Although the crank ice cream freezer wasn’t invented until 1843, and the first large-scale commercial ice cream plant in 1851, research shows that ice cream was first created in the cold regions of China more than 4,000 years ago. There, milk and cream, perhaps some overcooked rice, and spices were packed in snow to harden.

    Fruit ices were also developed, prepared with fruit juices, honey and aromatic spices. Snow and saltpeter served as an ancient ice cream maker to freeze ingredients in a container.

    Through trade routes, the frozen desserts were introduced to Persia about 2,500 years ago. The Persians called the frozen concoction sharbat, “fruit ice” in Arabic and the origin of sherbet, sorbet and sorbetto.

    Alexander the Great, who battled the Persians for 10 years before finally toppling the Persian Empire in 330 B.C.E., discovered fruit “ices” sweetened with honey and chilled with snow. He returned to Greece with the knowledge; and within three centuries, Emperor Nero was serving fruit juices mixed with honey and snow at his banquets.

    Here’s more on the history of ice cream.

    Turn history into fun: With the next fresh snowfall, you, too can make sharbat—or snow ice cream, also called snow cream. Transport yourself back to ancient China, or to Alexander the Great’s conquest of Persia. (Nero’s banquets? Maybe not so safe!)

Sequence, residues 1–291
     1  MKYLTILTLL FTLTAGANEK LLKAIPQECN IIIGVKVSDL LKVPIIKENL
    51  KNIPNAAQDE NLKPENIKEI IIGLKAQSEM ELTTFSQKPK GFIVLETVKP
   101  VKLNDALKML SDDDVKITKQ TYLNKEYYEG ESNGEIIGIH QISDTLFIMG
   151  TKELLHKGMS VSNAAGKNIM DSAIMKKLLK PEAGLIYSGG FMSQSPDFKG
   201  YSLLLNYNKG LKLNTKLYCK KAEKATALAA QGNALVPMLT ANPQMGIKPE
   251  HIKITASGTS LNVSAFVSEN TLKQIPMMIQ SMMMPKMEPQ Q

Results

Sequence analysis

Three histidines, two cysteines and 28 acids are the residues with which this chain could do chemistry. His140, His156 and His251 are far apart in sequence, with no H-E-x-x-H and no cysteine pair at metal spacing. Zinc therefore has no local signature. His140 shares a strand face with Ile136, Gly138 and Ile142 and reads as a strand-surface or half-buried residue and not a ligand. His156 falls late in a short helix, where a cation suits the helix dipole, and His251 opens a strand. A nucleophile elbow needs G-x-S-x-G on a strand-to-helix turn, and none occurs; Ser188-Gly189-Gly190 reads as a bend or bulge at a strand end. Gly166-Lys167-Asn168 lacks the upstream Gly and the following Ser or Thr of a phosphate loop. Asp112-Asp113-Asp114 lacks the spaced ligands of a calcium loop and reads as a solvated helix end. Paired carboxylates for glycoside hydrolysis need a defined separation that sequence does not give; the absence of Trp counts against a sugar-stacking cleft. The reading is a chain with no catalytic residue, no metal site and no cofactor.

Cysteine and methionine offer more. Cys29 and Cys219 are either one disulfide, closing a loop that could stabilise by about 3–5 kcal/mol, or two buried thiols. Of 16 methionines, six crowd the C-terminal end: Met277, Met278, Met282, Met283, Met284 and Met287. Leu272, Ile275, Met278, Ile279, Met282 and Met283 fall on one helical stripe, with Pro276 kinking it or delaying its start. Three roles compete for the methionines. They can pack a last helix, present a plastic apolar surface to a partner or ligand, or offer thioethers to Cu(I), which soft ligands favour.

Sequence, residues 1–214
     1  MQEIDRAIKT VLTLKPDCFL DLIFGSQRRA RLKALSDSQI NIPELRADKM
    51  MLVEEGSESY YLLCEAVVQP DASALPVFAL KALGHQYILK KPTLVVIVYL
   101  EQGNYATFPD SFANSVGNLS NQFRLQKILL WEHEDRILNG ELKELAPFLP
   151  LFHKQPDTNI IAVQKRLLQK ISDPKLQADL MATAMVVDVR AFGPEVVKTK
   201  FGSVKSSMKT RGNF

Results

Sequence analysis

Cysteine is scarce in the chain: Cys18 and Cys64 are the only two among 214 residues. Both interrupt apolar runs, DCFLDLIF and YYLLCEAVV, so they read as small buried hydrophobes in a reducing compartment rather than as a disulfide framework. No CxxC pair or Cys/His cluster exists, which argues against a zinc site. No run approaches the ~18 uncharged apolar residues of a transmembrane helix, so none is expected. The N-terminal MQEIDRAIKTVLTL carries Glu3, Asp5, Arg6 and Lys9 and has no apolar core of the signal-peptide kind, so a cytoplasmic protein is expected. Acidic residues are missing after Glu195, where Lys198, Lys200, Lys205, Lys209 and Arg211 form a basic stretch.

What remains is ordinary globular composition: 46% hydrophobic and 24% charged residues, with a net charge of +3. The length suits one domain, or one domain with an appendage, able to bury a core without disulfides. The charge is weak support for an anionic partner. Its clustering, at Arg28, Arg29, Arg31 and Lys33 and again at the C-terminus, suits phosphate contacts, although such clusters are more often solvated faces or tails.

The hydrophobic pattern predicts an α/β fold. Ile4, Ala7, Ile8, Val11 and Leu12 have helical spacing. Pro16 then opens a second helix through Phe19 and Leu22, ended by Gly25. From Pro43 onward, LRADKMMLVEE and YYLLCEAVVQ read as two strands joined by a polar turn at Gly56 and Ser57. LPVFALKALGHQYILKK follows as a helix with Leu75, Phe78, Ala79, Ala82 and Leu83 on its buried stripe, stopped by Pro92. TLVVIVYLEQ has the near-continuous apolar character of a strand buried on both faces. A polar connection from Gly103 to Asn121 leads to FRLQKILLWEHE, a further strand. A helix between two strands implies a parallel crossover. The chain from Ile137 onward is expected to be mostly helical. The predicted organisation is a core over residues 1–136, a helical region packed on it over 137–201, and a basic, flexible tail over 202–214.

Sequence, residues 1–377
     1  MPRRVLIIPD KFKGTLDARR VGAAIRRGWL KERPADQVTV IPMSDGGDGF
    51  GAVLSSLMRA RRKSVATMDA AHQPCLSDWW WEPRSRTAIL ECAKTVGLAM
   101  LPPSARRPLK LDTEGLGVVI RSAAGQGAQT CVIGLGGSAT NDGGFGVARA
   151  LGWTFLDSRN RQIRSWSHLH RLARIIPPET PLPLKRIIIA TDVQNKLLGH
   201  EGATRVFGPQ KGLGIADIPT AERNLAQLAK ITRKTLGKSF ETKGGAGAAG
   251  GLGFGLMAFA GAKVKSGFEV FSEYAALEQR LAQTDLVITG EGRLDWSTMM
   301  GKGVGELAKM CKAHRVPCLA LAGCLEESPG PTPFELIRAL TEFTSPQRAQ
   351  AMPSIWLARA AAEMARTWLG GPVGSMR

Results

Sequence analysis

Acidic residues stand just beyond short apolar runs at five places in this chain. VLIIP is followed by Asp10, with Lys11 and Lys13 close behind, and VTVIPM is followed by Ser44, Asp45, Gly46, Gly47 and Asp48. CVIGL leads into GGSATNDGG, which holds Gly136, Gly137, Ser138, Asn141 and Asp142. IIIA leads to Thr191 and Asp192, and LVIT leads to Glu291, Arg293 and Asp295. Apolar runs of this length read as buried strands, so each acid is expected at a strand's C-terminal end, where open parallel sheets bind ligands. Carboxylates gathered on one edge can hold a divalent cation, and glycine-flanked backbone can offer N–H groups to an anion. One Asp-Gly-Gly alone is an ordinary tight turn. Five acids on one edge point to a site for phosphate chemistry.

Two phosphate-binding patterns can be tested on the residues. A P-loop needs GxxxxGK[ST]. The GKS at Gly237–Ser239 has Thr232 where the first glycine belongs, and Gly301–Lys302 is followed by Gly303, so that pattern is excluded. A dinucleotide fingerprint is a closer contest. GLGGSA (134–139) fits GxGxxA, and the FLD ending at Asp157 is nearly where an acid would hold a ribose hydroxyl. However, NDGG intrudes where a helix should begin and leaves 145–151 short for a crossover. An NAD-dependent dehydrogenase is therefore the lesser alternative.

First up is a simple recipe from Julie Blanner for strawberry snow cream, ready in just three minutes.

    RECIPE: SNOW ICE CREAM (SNOW CREAM)

    Ingredients

  • 1/4 cup Strawberry Nesquik*
  • 1/4 cup milk
  • 2 cups clean snow
  • Optional garnish: fresh or frozen/thawed strawberries
  •  
    *Instead of Nesquik, you can purée frozen strawberries and add sweetener as desired.

     
    Preparation

    1. COMBINE the Nesquik and milk, and pour over the snow. Blend as desired.
     
    RECIPE: SHARBAT

    Ingredients

  • 1/2 cup fruit juice
  • 2 cups clean snow
  • Optional sweetener: agave or honey
  •  
    Prepare as above.
     
    Variations

  • Sweeteners: try whatever you like, from honey and maple syrup to lower-glycemic sweeteners like agave and sucralose (Splenda).
  • Flavors: Instead of fruit or juice, add an extract to the snow: coffee, lemon, mint, vanilla, etc.
  •  

    Ice Cream

    Making Snow Cream